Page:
One of five identical townhouses built in Brookline in 1887, this four-level home
Finally, though, it was time to overhaul the kitchen. Located on the basement level, the kitchen was used primarily by servants when the home was built in the 19th century. “In the four other homes on the block, the kitchens have been moved up to the main level where the formal living and dining rooms are,” says Benedict. “Here, the owners wanted to honor the history of the house, so they left the kitchen on the lower level.”
Benedict worked with the homeowners to update the kitchen and use the rest of the level as a comfortable family space.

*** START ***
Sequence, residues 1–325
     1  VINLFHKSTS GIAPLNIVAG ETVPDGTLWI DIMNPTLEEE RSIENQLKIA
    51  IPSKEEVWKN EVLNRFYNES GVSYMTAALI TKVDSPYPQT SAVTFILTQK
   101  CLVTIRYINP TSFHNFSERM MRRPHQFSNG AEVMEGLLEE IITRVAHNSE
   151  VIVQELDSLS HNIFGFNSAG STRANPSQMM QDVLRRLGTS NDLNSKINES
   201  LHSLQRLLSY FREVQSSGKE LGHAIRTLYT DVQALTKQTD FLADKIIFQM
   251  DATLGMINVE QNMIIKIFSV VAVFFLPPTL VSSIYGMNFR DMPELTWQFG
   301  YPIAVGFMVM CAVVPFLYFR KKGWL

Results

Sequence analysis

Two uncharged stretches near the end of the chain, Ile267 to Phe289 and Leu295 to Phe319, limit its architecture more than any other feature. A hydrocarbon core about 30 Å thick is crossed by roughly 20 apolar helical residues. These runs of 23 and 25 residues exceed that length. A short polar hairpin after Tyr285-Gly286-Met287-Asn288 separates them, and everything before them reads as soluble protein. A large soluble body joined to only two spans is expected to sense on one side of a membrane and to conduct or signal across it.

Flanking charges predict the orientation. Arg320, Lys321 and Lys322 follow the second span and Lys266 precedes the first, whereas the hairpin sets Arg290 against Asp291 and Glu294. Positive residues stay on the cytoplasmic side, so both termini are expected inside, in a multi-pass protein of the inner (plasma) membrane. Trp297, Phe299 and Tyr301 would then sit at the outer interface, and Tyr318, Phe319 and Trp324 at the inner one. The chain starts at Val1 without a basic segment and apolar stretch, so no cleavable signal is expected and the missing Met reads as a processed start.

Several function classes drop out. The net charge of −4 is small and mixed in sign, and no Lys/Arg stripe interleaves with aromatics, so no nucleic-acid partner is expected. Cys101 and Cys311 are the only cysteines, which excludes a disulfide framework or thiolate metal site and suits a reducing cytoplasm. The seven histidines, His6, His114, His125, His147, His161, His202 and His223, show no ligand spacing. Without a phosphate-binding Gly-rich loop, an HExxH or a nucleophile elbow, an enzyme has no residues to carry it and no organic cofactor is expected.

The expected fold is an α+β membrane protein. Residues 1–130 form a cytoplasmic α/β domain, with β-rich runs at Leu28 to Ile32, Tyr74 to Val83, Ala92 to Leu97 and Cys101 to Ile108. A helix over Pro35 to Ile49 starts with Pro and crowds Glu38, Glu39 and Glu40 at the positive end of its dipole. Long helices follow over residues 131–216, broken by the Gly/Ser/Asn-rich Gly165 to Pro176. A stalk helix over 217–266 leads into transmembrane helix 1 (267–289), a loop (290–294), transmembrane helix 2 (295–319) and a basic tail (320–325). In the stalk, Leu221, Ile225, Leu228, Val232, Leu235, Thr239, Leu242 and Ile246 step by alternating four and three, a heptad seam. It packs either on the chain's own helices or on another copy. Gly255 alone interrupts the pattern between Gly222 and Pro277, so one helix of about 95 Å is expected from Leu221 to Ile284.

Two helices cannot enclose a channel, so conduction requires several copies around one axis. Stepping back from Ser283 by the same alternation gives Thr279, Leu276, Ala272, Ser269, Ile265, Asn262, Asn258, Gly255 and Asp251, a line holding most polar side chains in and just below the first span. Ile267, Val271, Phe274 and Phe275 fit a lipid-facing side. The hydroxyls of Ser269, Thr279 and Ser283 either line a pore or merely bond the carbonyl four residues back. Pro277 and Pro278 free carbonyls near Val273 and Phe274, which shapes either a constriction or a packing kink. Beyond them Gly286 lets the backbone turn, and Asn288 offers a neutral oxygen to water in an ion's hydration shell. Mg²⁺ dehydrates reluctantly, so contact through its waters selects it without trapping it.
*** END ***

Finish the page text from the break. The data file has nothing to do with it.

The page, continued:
“They captured the whole footprint of the house and added a family room, laundry room, and powder room,” says Benedict. While the eat-in kitchen now has a modern feel and flow, it’s not meant to be showy. It’s a place where the family of five relaxes together and with close friends.
Kitchen cabinets are painted “Cosmopolitan,” a grayish-green by Benjamin Moore. The backsplash runs to the ceiling: white subway tile with gray grout gives a vintage look.
An Oriental runner echoes, in a more casual way, the antique feel of the formal rooms upstairs. Counters are Quartzite; light fixtures are by Schoolhouse Electric.
The banquette and seats are upholstered with Pindler & Pindler burnt orange and white fabric. The midcentury chandelier was an estate sale find; the table is from Craigslist.Jaci Conry can be reached at firstname.lastname@example.org.